Day one of institute shook us with research studies proving the greatest predictor of success in a child is resilience. Why was this truth as convicting as a bucket of ice water poured overhead? Because of the coinciding research affirming the greatest contributor to a child’s resilience is the presence of strong adult figure in their life. And so, my assertion that ‘Up2Us’ is an apt title for the country’s top institute for sports-based youth development, carries some validity. But I must come back to perspective here. Yes, it is up to us. It is not about us.

I am so guilty of making it about me, though. My perspective as I research best practices for active enrichment, as I craft lesson plans, as I go into administering the activities I carefully think out, it’s all in dedication to the kids and with a heart so committed to helping them be the best they can be. I’ll return to my point above though: this is not enough. Because I so often get caught up in the “plan”. Too caught up in the arrogant notion that the growth of my kiddos happens best when the lessons pan out how I envision them (which, you’d think I’d have learned by now that it NEVER goes exactly the way I craft in my head). Sitting in a classroom in Chicago, digesting this research and hearing Megan, a seasoned youth development expert say, “most of the time, that lesson plan means nothing” compared to making any of your kids feel seen, heard, known, accepted and more than anything, loved. To hear this veteran trainer share an emotional anecdote about the truth of this in her youth work, and then uttering the phrase, “it’s not about you” was the proverbial bucket of ice for me.

It is up to us to believe a child can succeed, and help them believe it too. It is up to us to draw out and develop the high-impact attributes that research proves make children successful in life. It is up to us to make youth feel competent, which sets a foundation for building team work, discipline, physical fitness, and decision-making skills. It is up to us to let children know – to show them – that we are there for them, that we care about them, that we want them to dream BIG and embrace the truth that they can achieve their dreams.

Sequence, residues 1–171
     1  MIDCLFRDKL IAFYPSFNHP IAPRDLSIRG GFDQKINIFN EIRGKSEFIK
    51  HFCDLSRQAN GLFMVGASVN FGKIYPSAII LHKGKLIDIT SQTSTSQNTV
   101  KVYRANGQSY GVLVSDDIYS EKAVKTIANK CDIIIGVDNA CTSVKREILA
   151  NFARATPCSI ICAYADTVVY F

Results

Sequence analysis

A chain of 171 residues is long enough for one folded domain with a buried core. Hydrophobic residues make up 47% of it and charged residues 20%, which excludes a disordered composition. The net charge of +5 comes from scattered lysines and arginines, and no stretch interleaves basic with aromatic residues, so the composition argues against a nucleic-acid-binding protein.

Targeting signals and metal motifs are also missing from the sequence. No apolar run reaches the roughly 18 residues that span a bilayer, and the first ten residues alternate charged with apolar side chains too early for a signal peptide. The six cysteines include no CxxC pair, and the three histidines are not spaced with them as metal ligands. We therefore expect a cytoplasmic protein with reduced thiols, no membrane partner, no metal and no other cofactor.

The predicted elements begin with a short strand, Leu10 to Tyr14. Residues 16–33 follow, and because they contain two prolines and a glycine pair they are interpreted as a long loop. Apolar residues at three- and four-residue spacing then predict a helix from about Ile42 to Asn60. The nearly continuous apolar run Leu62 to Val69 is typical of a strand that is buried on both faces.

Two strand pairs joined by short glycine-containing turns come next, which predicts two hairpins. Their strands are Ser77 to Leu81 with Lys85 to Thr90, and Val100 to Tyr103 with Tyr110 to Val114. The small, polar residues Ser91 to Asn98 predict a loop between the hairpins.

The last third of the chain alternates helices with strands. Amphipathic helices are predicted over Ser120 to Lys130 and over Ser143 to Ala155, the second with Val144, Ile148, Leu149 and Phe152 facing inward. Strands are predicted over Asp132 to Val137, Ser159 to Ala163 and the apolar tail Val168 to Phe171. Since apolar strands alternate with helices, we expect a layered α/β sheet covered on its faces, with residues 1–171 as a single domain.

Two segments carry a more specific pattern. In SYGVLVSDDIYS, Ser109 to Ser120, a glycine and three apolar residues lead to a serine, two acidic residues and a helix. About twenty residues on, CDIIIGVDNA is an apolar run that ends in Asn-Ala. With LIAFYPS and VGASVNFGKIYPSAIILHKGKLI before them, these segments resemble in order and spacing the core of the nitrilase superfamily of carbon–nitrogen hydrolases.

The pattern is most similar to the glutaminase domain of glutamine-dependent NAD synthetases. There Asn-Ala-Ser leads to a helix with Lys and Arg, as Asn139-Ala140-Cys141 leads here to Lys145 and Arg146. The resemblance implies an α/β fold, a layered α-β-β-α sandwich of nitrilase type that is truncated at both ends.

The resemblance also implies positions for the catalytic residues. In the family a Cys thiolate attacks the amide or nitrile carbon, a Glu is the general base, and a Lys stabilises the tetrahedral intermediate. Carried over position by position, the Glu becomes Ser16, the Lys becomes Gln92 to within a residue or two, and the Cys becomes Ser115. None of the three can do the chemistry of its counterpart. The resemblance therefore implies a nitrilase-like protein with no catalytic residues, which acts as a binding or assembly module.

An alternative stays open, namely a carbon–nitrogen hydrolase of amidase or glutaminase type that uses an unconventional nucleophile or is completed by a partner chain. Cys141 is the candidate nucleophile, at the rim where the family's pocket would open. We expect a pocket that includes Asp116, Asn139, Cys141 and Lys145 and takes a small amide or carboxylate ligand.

Upon reflection of this treasure trove of information I acquired (through exceptional hands-on activities, critical thinking exercises, intense discussion, difficult questions, and close small-group and one-on-one sharing), I came away SO convicted and totally rocked with the truth that the kids I get to serve, work and play with every day have a future that is dependent on me. It is up to us to instill traits of civility in youth, traits of compassion, tolerance, humility and patience. It is up to me, but it is not about me. It is not about me. And it is not about you, the reader. It’s about them. You can interpret the “them” to be as broad as the entire population of youth, or as specific as your own children, because I’m talking about both. It is up to me to stand firm in my commitment to showing these kids agape, a love that is selfless and for them. To show them that I won’t give up on them. That, even though I fall short and will continue to fall short in my greatest efforts, I am here for them.

My hope is that they will grow holding onto the truth that they are competent, that they are able, that they are resilient, and that they too will grow up and someday, whether they are parents, teachers, coaches, mentors or some other figure in a child’s life, they will work with an internal mantra, “it’s not about you.”